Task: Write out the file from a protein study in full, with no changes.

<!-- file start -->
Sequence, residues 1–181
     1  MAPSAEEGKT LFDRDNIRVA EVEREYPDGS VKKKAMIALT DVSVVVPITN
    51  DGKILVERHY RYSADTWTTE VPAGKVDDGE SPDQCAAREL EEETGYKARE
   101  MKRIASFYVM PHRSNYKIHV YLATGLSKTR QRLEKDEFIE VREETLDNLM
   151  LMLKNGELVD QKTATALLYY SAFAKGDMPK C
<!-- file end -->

Sequence, residues 1–181
     1  MAPSAEEGKT LFDRDNIRVA EVEREYPDGS VKKKAMIALT DVSVVVPITN
    51  DGKILVERHY RYSADTWTTE VPAGKVDDGE SPDQCAAREL EEETGYKARE
   101  MKRIASFYVM PHRSNYKIHV YLATGLSKTR QRLEKDEFIE VREETLDNLM
   151  LMLKNGELVD QKTATALLYY SAFAKGDMPK C